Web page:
Wednesday, January 29, 2014

Writing Life

by Shirley Drew

Photo by Mike Gullett
As a lifelong reader, I’ve always loved a good story. I started with Dr. Seuss, if you must know. My interest now is writing creative non-fiction. But whether it’s fiction or non-fiction, telling a good story is the point. One of my first attempts to “crossover” into creative nonfiction resulted from my obsession (my husband’s word, not mine) with the television series, Law and Order. I loved the stories about police officers, lawyers, and judges. I liked it because the scripts focused on the work lives of the characters. So it was not surprising that I decided to learn more about the work lives of some of the real people doing these jobs, and not just the Hollywood version.

The result of this “obsession” (I prefer the word “fascination”) was a primarily academic book called DIRTY WORK, published by Baylor University Press in 2007. A lot of people worked on what we called “The Dirty Work Project”. Baylor marketed it to the “intelligent lay audience”—you could even buy it at Barnes and Noble, after all! I assume by the meager sales that primarily college professors and students bought the book. And the relatives and friends of the writers, of course. Ah, well. Still, we are very proud of the work.

The contributors to this project spent weeks or months studying the occupations we referred to as “dirty.” Why dirty? Dirty jobs are those that people seldom talk about in “polite conversation.” And we thought this would be fun to write about. Okay, maybe not as much fun as Mike Rowe had hanging out and doing Dirty Jobs but still fun. These “dirty” jobs are essential to our daily life, but still the public likes to keep its distance from the hard-working folks who do those jobs. For example, cops often deal with society’s undesirables including murderers, drug users, and child abusers. Not to mention the occasional blood and vomit. Not to mention the “risking their lives on a daily basis” thing. Then there are jobs that some people consider socially or morally “dirty.” Take lawyers, for example. (Please). How many good lawyer jokes do you know? Here’s one:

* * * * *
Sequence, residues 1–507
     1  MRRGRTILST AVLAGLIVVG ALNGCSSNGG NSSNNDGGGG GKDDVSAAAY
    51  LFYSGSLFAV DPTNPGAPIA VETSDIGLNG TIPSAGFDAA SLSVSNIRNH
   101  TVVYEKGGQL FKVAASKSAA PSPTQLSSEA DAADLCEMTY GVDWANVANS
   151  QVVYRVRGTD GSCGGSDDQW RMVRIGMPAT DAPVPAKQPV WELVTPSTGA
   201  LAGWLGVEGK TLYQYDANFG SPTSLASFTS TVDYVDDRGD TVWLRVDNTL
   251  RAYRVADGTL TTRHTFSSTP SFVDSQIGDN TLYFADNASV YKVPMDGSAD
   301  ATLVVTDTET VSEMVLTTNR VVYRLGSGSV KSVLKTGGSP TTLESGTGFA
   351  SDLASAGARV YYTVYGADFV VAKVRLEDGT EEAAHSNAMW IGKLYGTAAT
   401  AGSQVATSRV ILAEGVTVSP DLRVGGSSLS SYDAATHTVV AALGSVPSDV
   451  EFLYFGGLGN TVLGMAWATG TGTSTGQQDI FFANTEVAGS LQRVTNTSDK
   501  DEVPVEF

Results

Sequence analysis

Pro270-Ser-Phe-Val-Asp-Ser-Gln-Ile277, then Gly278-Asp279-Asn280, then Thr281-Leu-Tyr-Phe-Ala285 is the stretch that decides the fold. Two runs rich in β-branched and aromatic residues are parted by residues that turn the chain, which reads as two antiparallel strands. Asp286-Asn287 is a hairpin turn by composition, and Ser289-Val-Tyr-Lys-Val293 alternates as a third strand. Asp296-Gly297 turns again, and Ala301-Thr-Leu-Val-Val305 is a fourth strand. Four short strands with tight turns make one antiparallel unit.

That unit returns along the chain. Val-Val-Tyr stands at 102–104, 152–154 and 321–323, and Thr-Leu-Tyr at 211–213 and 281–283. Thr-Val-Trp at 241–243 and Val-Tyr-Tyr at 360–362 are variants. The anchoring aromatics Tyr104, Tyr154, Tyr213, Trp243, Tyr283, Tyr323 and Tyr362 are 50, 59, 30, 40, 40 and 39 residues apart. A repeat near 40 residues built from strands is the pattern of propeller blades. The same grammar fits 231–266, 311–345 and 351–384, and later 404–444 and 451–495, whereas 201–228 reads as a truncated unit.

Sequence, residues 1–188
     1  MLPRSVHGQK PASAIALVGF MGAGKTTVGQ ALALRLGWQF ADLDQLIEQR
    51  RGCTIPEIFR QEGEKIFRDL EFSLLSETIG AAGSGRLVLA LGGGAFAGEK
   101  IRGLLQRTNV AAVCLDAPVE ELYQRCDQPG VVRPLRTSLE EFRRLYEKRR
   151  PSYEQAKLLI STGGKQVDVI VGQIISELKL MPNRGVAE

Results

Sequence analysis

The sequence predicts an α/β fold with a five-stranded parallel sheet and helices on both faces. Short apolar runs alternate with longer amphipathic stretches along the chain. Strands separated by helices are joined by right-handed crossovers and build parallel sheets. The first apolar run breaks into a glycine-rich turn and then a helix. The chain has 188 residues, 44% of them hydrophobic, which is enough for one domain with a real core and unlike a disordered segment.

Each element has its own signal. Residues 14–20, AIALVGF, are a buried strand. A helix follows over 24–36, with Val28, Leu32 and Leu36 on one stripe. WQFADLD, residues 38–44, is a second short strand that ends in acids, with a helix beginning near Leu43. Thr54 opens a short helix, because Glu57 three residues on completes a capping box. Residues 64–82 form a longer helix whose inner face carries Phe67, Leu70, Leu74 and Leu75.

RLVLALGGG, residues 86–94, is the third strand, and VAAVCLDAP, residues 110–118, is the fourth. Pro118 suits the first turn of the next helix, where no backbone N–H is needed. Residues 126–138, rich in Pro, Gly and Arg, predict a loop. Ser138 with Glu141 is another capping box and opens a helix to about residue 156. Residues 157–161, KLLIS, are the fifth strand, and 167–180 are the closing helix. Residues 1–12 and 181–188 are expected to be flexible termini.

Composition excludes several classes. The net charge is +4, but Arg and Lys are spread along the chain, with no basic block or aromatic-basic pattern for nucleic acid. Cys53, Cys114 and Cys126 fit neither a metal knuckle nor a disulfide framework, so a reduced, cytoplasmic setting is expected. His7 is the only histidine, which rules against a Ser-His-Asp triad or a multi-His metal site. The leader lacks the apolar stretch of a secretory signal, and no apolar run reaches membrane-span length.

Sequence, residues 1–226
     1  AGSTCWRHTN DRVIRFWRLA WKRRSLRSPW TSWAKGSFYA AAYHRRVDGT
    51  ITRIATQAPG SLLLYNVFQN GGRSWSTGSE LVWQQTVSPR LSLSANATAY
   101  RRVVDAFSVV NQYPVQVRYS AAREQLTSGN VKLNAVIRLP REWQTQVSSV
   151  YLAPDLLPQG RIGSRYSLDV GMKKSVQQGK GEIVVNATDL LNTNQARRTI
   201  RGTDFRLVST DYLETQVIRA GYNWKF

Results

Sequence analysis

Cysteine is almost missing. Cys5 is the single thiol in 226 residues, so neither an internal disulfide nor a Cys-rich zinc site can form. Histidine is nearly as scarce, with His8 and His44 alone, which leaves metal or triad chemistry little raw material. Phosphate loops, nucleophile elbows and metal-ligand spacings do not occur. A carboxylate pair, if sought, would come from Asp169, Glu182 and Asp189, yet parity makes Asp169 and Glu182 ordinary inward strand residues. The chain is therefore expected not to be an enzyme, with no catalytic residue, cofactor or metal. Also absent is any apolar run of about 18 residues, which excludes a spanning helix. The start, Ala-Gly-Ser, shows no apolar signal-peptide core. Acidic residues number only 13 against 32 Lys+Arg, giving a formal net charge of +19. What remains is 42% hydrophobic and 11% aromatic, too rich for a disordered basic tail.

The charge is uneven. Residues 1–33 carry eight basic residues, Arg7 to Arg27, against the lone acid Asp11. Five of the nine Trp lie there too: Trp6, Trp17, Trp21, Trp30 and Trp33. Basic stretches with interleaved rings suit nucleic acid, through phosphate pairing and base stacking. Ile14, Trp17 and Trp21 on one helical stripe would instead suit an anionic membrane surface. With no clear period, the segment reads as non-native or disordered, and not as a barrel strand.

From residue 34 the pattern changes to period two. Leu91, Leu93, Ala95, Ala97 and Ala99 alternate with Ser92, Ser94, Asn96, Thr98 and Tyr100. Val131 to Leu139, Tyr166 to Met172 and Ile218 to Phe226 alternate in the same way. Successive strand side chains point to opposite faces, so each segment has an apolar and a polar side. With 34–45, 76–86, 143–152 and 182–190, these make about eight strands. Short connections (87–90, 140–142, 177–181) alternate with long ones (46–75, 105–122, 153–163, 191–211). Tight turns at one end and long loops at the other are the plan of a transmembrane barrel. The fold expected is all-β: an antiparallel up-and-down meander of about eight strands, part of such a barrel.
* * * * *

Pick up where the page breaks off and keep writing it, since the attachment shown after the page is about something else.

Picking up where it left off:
Q: Why didn’t the rattlesnake bite the lawyer?
A: Professional courtesy.

See what I mean? And by the way, I heard that joke, (or riddle, if you want to get picky) from one of my lawyer pals. These folks have some great stories to tell. Stories that both entertain and enlighten. Nearly all of the people we spent time with during the “Dirty Work Project” are proud of the work they do. And they have a right to be proud. After all, the jobs are dirty and we should be grateful that there are folks willing and able to do them!


Anonymous said...

I also like to tell a good story, whether it be true or made up. This was an interesting post.

Sarah Reichert said...

I'll have to check your book out! It sounds very interesting. There is a strange disconnect between the way we honor and appreciate our law enforcement officers and the way we retract from them. Thank you for sharing this!

Sarah Sullivan said...

I am so impressed by good creative non-fiction. I love reading true stories that read like a novel. Writing creative non-fiction must be incredibly interesting because you learn so much.

Shirley Drew said...

Sarah S.:
Yes, I love creative non-fiction (obviously). Sometimes I wish I could write fiction. I know the skills are similar, but I have NOT ONE good idea for a piece of fiction! Sigh...

Shirley Drew said...

Thanks for your comments Abbie. I am now following your posts and look forward to them.

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